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Motorcycle Safety / General Discussion
Helmet color and visibility
Baggsy
05/21/2019  7:03 PM
It's possible that people look for white helmets more, because in some jurisdictions that's what motorcycle police officers wear. Here's a New Zealand study that makes claims about white helmets: https://www.bmj.com/content/328/7444/857

"Compared with wearing a black helmet, use of a white helmet was associated with a 24% lower risk (multivariate odds ratio 0.76, 0.57 to 0.99). "
Helmet color and visibility
scottrnelson
05/04/2019  4:18 PM
I asked this question on another forum, got a whole lot of opinions, some conflicting with others, and one good link: http://smarter-usa.org/research/con...ity-highviz/

That link didn't directly cover helmet color and which is most visible, but it covered a lot of related stuff and had links to a lot of different studies. Some of them even mentioned helmet color, but I couldn't find any conclusions about the helmet color specifically. Interesting light configurations and bright riding gear were covered in several.

Ultimately I didn't find the answer to whether or not white helmets are more visible than other bright colors. And next time somebody makes that claim based on "a study", I'm going to call them on it an see if they can point me at even a single one.
Helmet color and visibility
rkfire
05/03/2019  3:55 PM
Purely based on decades old memory, I remember it being said there was a study of what color made the most noticeable fire engine. The yellowish/greenish version won. I have no link or anything to corroborate.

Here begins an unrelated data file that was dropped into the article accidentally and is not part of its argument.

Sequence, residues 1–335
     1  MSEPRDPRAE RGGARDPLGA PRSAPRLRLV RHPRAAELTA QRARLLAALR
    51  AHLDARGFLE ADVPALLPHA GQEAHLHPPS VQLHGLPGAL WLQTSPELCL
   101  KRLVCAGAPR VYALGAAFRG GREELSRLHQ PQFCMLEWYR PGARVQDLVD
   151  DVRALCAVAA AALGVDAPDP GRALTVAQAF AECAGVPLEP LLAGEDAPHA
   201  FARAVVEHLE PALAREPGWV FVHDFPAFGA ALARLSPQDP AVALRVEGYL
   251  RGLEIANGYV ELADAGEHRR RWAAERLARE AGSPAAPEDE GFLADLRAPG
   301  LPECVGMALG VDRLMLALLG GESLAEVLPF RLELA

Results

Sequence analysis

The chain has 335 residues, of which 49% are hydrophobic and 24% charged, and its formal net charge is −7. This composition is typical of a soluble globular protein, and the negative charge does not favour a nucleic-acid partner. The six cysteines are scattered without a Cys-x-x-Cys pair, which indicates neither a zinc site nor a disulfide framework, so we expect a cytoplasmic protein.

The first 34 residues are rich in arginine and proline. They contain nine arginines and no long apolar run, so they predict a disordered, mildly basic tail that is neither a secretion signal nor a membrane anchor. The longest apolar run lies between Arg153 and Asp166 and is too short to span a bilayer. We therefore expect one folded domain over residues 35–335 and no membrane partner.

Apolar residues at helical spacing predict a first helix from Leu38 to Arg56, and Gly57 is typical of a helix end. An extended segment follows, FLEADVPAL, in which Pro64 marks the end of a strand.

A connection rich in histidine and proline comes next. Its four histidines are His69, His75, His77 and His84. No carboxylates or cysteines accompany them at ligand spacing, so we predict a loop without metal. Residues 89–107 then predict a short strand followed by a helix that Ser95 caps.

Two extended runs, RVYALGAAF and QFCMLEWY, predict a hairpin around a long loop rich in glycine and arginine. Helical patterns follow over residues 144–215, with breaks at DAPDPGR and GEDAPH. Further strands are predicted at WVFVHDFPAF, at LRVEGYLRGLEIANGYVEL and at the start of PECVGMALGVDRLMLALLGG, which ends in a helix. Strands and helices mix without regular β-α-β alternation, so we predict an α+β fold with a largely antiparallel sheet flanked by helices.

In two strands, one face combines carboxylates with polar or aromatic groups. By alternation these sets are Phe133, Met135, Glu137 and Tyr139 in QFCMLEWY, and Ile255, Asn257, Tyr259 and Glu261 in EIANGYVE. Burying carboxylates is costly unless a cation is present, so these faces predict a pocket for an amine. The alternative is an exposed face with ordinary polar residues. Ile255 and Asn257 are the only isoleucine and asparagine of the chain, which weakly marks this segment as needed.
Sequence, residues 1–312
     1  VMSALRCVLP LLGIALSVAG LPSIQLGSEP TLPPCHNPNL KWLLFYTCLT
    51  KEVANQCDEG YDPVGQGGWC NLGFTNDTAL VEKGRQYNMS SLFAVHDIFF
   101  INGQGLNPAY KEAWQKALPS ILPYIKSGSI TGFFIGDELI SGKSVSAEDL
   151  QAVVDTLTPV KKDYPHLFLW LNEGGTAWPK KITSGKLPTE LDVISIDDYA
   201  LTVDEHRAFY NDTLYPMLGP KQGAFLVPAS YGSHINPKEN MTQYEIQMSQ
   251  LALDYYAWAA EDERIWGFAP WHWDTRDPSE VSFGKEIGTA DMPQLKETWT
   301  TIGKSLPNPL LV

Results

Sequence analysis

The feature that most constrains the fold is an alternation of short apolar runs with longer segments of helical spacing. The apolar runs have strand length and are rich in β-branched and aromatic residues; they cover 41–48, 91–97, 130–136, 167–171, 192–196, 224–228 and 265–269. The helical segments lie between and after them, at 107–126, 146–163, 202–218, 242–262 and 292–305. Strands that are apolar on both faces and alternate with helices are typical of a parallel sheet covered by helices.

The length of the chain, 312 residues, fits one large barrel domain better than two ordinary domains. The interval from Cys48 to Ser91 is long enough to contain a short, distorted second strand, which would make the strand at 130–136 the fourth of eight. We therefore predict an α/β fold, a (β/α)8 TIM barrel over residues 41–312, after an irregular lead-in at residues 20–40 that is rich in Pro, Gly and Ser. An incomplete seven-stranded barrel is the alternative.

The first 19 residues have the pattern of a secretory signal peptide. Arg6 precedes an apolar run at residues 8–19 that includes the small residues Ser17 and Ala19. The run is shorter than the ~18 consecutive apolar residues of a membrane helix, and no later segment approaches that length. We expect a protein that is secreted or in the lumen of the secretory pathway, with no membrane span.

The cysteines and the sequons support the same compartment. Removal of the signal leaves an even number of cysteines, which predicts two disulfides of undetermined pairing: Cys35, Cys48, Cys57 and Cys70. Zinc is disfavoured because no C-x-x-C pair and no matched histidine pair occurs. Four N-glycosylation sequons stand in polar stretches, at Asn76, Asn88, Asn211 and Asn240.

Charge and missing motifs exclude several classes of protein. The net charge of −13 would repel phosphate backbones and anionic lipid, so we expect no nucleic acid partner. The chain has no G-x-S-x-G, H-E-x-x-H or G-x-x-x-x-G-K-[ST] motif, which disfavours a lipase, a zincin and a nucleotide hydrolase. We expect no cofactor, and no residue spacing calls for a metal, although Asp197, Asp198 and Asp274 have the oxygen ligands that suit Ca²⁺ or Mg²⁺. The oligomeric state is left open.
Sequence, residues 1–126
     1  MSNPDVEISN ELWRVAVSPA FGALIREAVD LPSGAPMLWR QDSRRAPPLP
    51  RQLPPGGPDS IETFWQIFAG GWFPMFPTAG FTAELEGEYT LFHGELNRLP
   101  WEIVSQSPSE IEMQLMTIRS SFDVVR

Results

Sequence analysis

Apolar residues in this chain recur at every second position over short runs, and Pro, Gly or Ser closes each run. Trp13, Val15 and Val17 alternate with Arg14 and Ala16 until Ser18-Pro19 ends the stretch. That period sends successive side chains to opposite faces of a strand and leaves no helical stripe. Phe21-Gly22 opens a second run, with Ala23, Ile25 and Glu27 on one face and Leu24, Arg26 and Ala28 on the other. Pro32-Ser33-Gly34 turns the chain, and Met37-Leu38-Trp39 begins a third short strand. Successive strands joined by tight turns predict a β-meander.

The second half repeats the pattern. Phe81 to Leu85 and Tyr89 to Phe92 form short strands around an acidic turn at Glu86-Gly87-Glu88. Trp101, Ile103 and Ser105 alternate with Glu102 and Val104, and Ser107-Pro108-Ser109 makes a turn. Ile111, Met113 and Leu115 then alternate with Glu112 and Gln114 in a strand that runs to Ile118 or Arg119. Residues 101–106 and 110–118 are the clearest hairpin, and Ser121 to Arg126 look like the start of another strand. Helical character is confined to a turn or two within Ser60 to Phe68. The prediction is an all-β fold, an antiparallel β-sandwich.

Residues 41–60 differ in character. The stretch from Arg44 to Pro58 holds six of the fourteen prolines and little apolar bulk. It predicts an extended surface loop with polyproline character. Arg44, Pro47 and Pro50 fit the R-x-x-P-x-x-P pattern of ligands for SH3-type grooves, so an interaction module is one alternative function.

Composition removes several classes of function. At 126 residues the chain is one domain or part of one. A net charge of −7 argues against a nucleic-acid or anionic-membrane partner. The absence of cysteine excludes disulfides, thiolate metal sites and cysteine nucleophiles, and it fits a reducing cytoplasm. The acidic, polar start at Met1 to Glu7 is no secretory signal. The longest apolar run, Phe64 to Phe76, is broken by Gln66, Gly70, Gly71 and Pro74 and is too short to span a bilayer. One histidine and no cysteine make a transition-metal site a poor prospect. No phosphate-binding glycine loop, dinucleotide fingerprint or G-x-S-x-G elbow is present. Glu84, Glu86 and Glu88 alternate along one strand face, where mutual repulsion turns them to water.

Helmet color and visibility
Alan_Hepburn
05/01/2019  9:57 AM
Don't know of any studies, but our helmets are what BILT calls "day-glo" - bright yellow - and we find they are very visible. Especially to bugs!
NTSB investigates multiple-vehicle motorcycle crash in Maine
DataDan
05/01/2019  9:27 AM
quote:
Originally posted by onthebeach

The NTSB report lists 3,000 motorcyclists. I don't know if that is 3,000 motorcycles or potentially 1,5000 motorcycles each with a rider/passenger pair. Either way a lot of motorcycles. So one take away would be that riding in a really large group should be carefully considered as you are at risk from other riders. I suspect there is added danger from riders trying to stay together which will be quite difficult without dedicated traffic control.

The NTSB report listed 5 motorcycles with 5 operators, 4 passengers. Only one operator was using a helmet as was one passenger on a different bike. The report only called out one rider and passenger as being required to wear a helmet, neither were. So 2 helmets for 9 people.